Instead, fans are generally classified by "spark resistance". AMCA has created a standard that defines three different levels of spark resistance, classes A, B and C.
These classes, listed in decreasing order of assurance, are generally concerned with the prevention of sparks caused by the rubbing together of spark-producing metallic components (generally ferrous materials). These classes only address spark risks due to an explosive airstream, and do not address explosive conditions outside the fan. A summary of the different levels of protection is found in this helpful engineering paper from Twin City Fans.
Type C: The fan is designed so that if the impeller or shaft comes loose and shifts during operation, two ferrous parts will not come into contact.
Type B: In general, this requires a nonferrous impeller and a nonferrous rubbing ring around the shaft hole. Also, extra locking systems are required to prevent the fan impeller, shaft, and bearings from shifting.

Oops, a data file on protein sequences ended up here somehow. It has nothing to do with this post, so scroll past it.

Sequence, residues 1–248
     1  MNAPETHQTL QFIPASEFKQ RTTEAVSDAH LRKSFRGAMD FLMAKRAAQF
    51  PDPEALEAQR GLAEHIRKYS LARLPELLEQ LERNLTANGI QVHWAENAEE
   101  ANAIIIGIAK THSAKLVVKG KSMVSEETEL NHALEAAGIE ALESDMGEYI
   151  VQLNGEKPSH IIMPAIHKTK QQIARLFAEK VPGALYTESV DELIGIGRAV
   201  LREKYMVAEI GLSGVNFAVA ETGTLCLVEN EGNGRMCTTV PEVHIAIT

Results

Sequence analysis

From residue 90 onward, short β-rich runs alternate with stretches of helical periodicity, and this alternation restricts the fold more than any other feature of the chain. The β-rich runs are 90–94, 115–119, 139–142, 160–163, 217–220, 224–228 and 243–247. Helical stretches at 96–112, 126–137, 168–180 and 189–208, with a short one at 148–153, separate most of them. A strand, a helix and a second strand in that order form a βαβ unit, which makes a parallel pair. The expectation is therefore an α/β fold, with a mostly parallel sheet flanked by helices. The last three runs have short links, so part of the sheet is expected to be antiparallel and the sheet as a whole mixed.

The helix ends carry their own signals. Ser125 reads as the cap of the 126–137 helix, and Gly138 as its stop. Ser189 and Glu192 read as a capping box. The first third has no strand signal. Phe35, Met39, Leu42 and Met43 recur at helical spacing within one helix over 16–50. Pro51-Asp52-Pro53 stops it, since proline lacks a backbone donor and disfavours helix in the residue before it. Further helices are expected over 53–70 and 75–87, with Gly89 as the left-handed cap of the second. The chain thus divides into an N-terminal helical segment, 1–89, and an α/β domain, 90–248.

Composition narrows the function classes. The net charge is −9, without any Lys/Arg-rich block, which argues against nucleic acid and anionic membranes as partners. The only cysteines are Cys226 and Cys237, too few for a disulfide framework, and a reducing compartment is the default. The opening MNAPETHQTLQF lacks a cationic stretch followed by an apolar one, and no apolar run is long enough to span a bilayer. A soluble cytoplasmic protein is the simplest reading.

Type A: This requires a nonferrous airstream. Also, the extra locking systems are required as in Type B.
As with any engineering decision, the correct level of spark resistance to specify depends strongly upon the particulars of the project: The gasses or substances expected, the concentration of these contaminants, the location of the air-moving device, etc.